"The culture of 'anxious masculinity' marries very well with the culture of gaming. To 'be a man' is to reject all things female and feminine: beyond purses and the color pink, anything that enjoys a female following is considered less-than and men who like the same thing are open for ridicule. Movies, music, books, and videogames — if girls like it, then liking it makes you girly. Using the videogame culture to bolster one’s masculinity means further dividing manly games from girly games — hardcore games from casual games, splatterfests from music and simulation games, and PS3s from Wiis."I wasn't aware that some folks had started to label Zelda and Guitar Hero 'girly', but I had heard the whole thing about how the Wii is getting labled a 'girl's console' and belittled just for that by many male gamers before. To be honest, the commonplace misogyny in gaming culture is something I've written about before. It's understandable that guys that (were up until recently) considered nerdy and less 'macho' than say, sports-type jocks, would develop a culture kind of desperate to prove their (hetero) manliness to each other, even resorting to outright sexism. Once women start coming into this traditionally 'guys' space' a kind of backlash breaks out.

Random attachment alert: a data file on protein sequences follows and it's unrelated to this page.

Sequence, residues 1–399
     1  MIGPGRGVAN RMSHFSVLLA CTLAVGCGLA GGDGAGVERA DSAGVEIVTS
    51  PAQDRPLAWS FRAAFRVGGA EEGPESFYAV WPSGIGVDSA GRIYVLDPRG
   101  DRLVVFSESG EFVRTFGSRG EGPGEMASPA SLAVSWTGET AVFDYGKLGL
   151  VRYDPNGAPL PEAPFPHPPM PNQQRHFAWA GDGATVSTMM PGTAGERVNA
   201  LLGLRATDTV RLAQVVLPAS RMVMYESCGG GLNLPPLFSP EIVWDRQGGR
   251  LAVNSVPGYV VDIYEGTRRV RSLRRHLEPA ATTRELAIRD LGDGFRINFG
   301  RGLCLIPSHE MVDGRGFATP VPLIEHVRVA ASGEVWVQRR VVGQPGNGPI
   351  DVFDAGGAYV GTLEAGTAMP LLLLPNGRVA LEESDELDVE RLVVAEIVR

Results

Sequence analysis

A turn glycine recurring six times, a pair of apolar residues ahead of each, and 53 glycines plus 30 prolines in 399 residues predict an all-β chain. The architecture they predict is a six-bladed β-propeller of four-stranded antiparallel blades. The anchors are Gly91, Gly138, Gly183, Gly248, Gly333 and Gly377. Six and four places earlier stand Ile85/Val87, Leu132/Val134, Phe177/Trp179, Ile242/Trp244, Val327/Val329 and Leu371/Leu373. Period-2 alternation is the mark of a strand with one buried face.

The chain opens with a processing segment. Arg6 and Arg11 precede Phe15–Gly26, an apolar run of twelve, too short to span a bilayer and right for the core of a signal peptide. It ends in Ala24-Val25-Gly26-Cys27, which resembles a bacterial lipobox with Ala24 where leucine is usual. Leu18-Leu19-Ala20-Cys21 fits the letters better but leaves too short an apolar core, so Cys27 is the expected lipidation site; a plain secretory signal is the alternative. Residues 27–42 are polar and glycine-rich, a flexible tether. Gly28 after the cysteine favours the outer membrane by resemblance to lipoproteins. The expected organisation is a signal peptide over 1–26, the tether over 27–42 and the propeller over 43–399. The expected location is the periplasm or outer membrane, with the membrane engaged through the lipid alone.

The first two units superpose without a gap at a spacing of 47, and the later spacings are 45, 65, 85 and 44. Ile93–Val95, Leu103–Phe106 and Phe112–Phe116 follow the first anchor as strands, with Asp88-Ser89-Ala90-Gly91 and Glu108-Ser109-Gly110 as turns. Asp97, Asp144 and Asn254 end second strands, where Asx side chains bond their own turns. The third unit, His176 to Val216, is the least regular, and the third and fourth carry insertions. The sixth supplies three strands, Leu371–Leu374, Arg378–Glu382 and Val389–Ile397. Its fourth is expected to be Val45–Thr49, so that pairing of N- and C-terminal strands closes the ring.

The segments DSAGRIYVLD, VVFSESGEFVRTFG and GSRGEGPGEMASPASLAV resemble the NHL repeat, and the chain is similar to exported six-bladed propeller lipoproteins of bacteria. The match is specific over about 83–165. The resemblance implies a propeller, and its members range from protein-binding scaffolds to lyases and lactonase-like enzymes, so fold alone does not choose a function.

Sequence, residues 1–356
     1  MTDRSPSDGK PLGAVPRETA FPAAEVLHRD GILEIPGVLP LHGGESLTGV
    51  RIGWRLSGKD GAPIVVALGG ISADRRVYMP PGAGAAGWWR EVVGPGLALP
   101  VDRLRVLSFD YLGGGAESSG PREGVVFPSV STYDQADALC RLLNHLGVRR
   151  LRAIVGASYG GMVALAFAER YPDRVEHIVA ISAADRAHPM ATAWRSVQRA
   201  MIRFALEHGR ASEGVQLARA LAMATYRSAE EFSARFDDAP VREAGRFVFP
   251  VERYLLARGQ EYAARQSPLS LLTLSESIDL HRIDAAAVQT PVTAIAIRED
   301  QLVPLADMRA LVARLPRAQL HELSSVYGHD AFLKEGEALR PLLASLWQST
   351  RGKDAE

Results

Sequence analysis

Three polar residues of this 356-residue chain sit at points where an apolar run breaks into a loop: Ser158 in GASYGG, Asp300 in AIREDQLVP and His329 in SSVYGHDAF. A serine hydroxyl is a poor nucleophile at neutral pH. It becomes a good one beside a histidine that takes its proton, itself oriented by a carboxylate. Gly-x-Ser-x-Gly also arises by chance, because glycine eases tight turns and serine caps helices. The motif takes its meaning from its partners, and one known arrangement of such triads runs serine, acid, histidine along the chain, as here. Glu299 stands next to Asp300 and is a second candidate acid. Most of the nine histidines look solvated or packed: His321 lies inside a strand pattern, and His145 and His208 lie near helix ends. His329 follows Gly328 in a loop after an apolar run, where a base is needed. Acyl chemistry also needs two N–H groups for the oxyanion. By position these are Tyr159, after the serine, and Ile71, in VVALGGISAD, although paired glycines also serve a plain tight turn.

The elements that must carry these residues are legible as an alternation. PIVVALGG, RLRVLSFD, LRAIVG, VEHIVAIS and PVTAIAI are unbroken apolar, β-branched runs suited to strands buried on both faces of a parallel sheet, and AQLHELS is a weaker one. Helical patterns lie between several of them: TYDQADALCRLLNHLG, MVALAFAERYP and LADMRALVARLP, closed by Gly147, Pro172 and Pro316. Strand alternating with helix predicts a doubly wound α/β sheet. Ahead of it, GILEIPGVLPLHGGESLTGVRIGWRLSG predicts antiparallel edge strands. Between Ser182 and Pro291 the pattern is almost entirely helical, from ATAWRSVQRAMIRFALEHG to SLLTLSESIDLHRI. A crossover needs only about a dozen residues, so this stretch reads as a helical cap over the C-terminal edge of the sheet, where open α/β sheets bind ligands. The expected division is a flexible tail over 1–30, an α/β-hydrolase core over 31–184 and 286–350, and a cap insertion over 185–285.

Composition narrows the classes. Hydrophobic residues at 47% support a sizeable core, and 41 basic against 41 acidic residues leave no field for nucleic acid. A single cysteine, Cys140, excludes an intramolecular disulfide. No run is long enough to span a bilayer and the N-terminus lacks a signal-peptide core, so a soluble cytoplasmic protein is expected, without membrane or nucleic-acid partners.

A recent study showed, that while men are playing 'casual' games like Bejeweled just as much as women, they are afraid to admit it. The 'casual = girly / hardcore = manly' game stereotype is alive and well, and guys are buying into it in order to protect their 'respectable (male) gamer' credentials. Why does even the hint of any kind of shared gaming interests with 'girls' (what puzzle games have to do with having a vagina, is beyond me however) equate outright hostility and shame in these guys? It couldn't have anything to do with a sexist 'girly things = stupid/emasculating things' attitude, now could it? =P
The desperation to categorize women gamers as some kind of strange, anomalous gamer-type that companies need to study scientifically in hopes of 'cracking the code' is a symptom of the fact that the male-oriented industry just can't figure out that women gamers are (gasp) GAMERS just like guys are, and it's not rocket science -- make quality games, and women (and men) will play them!
I didn't need pink consoles and Barbie Horse Adventures to start my interest in games -- I started on Apple II and Super Mario Brothers, just like the rest of the gamers from my generation. And I'm not alone -- in the beginning, games were just games, they weren't segregated by gender except by the male tone of the community. And it's the 'boys club' tone of the mainstream gaming community itself that's the biggest block to more women wanting to get into games and be more active in the fandom.